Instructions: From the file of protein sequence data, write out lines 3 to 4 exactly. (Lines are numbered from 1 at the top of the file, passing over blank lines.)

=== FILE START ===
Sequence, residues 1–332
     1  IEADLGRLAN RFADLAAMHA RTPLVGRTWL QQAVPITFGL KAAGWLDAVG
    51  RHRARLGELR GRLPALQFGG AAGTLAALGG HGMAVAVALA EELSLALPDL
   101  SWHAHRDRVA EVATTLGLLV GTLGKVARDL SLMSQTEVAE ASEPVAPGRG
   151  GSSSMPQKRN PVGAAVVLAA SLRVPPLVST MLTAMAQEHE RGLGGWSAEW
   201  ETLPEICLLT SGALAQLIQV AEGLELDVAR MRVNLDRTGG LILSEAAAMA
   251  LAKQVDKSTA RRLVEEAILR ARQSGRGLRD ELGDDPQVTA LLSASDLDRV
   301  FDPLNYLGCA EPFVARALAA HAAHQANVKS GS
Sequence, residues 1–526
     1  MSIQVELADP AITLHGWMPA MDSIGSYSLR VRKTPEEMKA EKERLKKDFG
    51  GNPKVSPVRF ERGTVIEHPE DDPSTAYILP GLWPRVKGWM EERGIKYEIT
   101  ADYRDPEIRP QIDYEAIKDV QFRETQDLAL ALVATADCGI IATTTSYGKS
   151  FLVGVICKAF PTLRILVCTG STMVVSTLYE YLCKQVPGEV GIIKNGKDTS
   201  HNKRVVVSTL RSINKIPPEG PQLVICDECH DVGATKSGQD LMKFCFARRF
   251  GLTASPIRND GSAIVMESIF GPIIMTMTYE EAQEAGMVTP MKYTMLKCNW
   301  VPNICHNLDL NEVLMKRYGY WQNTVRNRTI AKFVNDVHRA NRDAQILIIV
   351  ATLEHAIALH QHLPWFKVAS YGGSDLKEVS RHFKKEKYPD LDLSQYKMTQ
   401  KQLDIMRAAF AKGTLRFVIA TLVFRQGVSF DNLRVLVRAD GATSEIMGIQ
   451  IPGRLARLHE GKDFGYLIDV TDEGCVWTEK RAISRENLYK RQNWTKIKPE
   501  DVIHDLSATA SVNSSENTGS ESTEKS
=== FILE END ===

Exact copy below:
    51  RHRARLGELR GRLPALQFGG AAGTLAALGG HGMAVAVALA EELSLALPDL
   101  SWHAHRDRVA EVATTLGLLV GTLGKVARDL SLMSQTEVAE ASEPVAPGRG